In this Backstage Pass video, which aired Sept. 27, 2021, Motley Fool contributor John Bromels discusses how this fintech company brings artificial intelligence to the consumer credit industry and how disruptive its approach could be to traditional lending solutions.
John Bromels: Co-Founder and CEO, Dave Girouard is the former President of Enterprise Google and Co-Founder and a Councilman, the former Manager of Global Enterprise Customer Programs and Consumer Operations at Google. Why is that important? What does Upstart do? Upstart is an AI-driven lending platform. It uses artificial intelligence, big data, and predictive modeling to create an alternative to the FICO score to determine a person's creditworthiness.
CEO Dave Girouard has also expressed an interest in disrupting the payday lending industry, which as we know, is essentially designed. The payday lending industry argues that they need to charge these exorbitant and these very high fees because of the high risk of default. Well, Dave Girouard and Upstart says well, if our model can more accurately predict who's going to default and who isn't, perhaps we can be a better alternative for many consumers than a payday loan. That brings up the question of bias. The trick with artificial intelligence is quite often it's looking for the best efficiency, or the most mathematically perfect number or outcome.
Sometimes, however, that can introduce biases into the system, that can introduce things that we don't want to be there. Of course, the very famous example of this is when some researchers created an artificial intelligence, and basically used social media to allow it to examine how people talked. The algorithm picked up all objectionable content and started skewing it out because of the flawed input and had to be shut down and reconfigured to work that out. Upstart is really committed though to reducing bias in its algorithm because of course, you don't want unconscious bias to creep its way into your lending. Because not only is that illegal, it is also really unfair.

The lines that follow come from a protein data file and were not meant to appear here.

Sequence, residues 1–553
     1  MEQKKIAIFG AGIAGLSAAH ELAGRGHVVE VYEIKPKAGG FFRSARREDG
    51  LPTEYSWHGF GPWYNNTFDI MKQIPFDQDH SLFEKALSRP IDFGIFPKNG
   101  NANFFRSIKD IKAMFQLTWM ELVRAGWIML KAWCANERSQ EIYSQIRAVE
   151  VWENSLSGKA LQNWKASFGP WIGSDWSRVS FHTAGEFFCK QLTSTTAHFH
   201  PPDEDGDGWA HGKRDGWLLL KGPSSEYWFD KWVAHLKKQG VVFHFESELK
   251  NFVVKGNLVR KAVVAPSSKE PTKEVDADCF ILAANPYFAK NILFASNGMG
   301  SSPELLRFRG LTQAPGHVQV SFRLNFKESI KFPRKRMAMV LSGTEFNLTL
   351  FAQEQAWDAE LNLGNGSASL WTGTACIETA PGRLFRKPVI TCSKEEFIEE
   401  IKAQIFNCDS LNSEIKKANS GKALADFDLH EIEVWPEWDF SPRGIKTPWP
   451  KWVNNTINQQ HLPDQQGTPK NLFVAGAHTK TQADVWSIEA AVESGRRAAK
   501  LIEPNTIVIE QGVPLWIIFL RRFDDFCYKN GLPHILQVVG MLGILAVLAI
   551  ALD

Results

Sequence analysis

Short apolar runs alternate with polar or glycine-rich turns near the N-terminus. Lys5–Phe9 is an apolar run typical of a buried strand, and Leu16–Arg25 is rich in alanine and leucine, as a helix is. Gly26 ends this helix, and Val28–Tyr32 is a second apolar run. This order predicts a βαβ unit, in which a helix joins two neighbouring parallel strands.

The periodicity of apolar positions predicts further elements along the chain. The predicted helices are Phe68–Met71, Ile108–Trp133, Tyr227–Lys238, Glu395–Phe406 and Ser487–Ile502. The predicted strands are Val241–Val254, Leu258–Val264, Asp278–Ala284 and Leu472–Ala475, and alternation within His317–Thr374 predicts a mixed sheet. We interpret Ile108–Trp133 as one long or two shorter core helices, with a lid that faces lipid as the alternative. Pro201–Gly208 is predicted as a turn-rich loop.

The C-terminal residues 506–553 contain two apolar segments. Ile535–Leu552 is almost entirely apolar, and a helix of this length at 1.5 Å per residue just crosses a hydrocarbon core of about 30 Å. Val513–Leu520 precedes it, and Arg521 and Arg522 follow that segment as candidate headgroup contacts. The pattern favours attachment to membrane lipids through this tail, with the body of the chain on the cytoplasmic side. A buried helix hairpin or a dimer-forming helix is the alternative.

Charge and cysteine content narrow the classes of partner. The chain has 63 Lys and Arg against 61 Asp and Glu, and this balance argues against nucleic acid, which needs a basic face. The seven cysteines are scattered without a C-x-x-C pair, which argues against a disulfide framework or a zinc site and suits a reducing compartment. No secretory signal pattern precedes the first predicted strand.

A focus on nurturing unique human skills that artificial intelligence (AI) and machines seem unable to replicate: Many of these experts discussed in their responses the human talents they believe machines and automation may not be able to duplicate, noting that these should be the skills developed and nurtured by education and training programs to prepare people to work successfully alongside AI. These respondents suggest that workers of the future will learn to deeply cultivate and exploit creativity, collaborative activity, abstract and systems thinking, complex communication, and the ability to thrive in diverse environments.
Google, a leader in AI and data analytics, is on a massive AI acquisition binge, having acquired a number of AI startups in the last several years. Google is deeply invested in furthering artificial intelligence capabilities. In addition to using AI to improve its services, Google Cloud sells several AI and machine learning services to businesses. It has an industry-leading software project in TensorFlow as well as its own Tensor AI chip project.
IBM is a leader in the field of artificial intelligence. Its efforts in recent years center around IBM Watson, an AI-based cognitive service, AI software as a service, and scale-out systems designed for delivering cloud-based analytics and AI services. It has been acquisitive, purchasing several startups over several years. It benefits from having a strong cloud platform.
iCarbonX is a Chinese biotech startup that uses artificial intelligence to provide personalized health analyses and health index predictions. It has formed an alliance with several technology companies from around the world that specialize in gathering different types of healthcare data and will use algorithms to analyze genomic, physiological, and behavioral data. It also works to provide customized health and medical advice.
In a world with a vast ocean of podcasts and videos to transcribe, Rev uses AI to find its market. An AI-powered, but human-assisted, transcription provider, the company also sells access to developers, so tech-savvy folks can use its speech recognition technology. But the key part here is the combination of humans with AI, which is a sweet spot in the effective use cases for artificial intelligence. With a growing need for accessibility features in audiovisual production especially, expect more AI competitors to take advantage of a similar business model in the future.
OpenAI is a nonprofit research firm that operates under an open-source type of model to allow other institutions and researchers to freely collaborate, making its patents and research open to the public. The founders say they are motivated in part by concerns about existential risk from artificial general intelligence. ChatGPT is a recent part of OpenAI that allows users to generate text from poetry to short stories. However, despite OpenAI being nonprofit, ChatGPT is now its own for-profit company. 2b1af7f3a8